It is hard enough raising children to learn self reliance, study hard, refuse distractions, impulse control, etc. It can be expensive too. Add in ethnic studies, its a waste of money and time. Maybe not to black students, that for whatever reason didnt get self-confidence or discipline taught in the home(where it should be taught), but to have to hear these themes of ‘white people did this and white people did that’, over and over, how can anyone not see that people that are the object of every black grievance would want to be left alone to raise up their children without guilt and shame and frankly, abuse, is very disconnected from the very “diversity” he claims. To hear professors that are so obsessed with race they “count” how many black children are in a particular class, disturbs me that the feelings of many non-black students is so unknown to them.

    “Plural nature of the world”. “Reflective sense of Diversity”. “…the best and the brightest Desire Diversity”.

    You ask if I advocate segregation. With the above comments you made in regards to racial diversity (lets be honest, thats what it is. Some people dont like to see the identities of an Irish, Swede or German child) could anyone expect to be heard or understood from someone who reflects such sentiments? I dont think so. And thus why you are disturbed by the idea of people wanting to be left alone.

  5. Denton- Like it or not, children spend between 8-9 hours a day at school. About 10 is spent sleeping (I’m being really generous with that amount). And if the talk of kids schedules is any indicator, they spend 3 hours of after school activities such as sports, music or drama. A lot of kids morals, self-confidence and work ethic develop during middle school and high school through their work with others during the 12 hours parents aren’t in direct contact with their kids.

    I would contend I had the best parents in the world growing up. I was taught morals, discipline, etc. However, I really recieved my confidence and questioning attitude at school from teachers who helped me grow and most the theater program. Schools, like or not, is the real training ground for kids. The parents can direct the right place to go. But in the 12 hours you don’t see your kids, what do they become?

    We live in a country that has more than just one type of person. We have multiple kinds of Caucasian for goodness sake. We have 5th generation Americans and then we have first generation Americans who traveled from their European homes and decided to become citizens so they could serve their adoptive homes. Beyond that one race we have Asians, African- Americans, Mid-Eastern. If people, especially the younger generations, don’t learn how to communicate with all types of people, then they will not survive in the workforce that has no time for petty segregation.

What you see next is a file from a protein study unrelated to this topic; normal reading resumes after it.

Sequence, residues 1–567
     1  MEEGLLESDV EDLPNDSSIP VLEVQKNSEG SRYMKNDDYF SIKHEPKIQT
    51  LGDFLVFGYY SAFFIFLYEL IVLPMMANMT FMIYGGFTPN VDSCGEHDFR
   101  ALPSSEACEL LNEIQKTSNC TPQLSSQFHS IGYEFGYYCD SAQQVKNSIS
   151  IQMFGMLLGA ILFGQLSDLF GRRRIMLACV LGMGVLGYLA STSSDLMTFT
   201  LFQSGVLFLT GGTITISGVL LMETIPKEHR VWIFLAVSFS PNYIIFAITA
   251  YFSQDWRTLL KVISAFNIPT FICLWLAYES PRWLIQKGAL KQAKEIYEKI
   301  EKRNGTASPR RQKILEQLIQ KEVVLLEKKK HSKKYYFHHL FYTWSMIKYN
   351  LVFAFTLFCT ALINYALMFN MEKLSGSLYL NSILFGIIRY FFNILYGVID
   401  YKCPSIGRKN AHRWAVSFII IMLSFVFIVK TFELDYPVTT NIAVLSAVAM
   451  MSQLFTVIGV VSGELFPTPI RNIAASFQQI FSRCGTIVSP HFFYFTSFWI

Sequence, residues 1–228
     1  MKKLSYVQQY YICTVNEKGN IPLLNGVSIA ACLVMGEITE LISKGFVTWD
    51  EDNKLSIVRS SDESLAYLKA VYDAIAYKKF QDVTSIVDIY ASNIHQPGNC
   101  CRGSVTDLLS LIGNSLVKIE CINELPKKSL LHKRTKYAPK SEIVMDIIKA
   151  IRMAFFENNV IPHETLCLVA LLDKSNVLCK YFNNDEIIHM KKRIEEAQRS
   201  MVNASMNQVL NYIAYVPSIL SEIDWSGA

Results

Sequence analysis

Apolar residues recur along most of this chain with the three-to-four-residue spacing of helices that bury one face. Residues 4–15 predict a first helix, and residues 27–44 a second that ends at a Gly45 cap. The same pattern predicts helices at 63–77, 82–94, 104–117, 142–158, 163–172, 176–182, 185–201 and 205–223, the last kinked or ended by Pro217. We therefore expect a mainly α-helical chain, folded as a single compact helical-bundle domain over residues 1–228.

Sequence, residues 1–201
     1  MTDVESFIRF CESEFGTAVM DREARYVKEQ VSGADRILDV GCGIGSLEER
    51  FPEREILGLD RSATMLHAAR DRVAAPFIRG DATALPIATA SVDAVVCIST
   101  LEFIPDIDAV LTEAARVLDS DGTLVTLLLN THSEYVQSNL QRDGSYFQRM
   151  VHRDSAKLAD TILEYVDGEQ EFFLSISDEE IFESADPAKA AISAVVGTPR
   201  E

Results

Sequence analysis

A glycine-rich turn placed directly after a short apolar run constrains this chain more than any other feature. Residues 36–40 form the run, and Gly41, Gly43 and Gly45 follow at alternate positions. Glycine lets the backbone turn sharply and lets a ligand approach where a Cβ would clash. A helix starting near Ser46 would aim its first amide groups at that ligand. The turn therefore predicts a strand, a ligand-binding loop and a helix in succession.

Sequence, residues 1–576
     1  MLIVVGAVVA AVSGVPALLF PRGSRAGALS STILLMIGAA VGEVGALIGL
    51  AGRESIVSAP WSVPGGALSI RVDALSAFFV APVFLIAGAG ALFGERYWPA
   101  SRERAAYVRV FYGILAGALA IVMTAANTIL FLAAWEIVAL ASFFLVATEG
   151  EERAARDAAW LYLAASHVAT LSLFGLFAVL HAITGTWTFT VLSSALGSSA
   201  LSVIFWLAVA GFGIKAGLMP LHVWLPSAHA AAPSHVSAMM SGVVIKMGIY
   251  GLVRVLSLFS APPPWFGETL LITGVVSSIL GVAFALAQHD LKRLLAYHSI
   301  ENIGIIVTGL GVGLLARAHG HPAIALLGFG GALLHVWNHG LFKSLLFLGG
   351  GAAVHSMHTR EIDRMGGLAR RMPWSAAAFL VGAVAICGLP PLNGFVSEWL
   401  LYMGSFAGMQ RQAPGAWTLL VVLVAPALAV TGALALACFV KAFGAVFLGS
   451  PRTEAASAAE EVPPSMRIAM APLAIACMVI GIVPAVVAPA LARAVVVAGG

6. Glenister warns:
    “If people, especially the younger generations, don’t learn how to communicate with all types of people, then they will not survive in the workforce that has no time for petty segregation.”

    The Amish sure are a bunch of rude, racist people arent they? And Nigerian school kids who havent met Japanese kids, they wouldnt know what to say. Give me a break. Treating people with respect starts in the home. Not with public school teachers. I know in some communities it is needed for them to be social workers, police officers and parents, but in the functional communities they arent burdened that way. Please, you must be quite full of yourself if you think that, but for you, children wouldnt know how to speak to those foreign to them. This sort of arrogance is why people flee the public schools. What is this magical “communication” that you speak of? Guilt? Adopting other cultures at the expense of the one of their parents. Have you noticed recently sir, there is a brown, asian-pacific, black, Am Indian month to celebrate. Still waiting to hear of that white history month. I know I know, but for this generation of kids its not black and brown history they dont know, its history in general. This is the theme, sir, of far too many “integrated” schools. If they speak the same tongue, they will understand what each other mean. If you want to tear down Your childs identity and build it back up admiring the Japanese, and the Am Indians and the Maasai tribesmen please go ahead. However, many like and admire there unique culture too, even though it is European. And they dont want to have to apologise for it. I suspect if you werent on the receiving end of the apologies, you’d understand.

    But Ill give it to the public school system, they sure have done a bang up job in teaching about safe sex. Look at the results.

    Like it or not Mr Glenister, the public school system hasnt done a very good job at turning out scholars, now you want to try manners.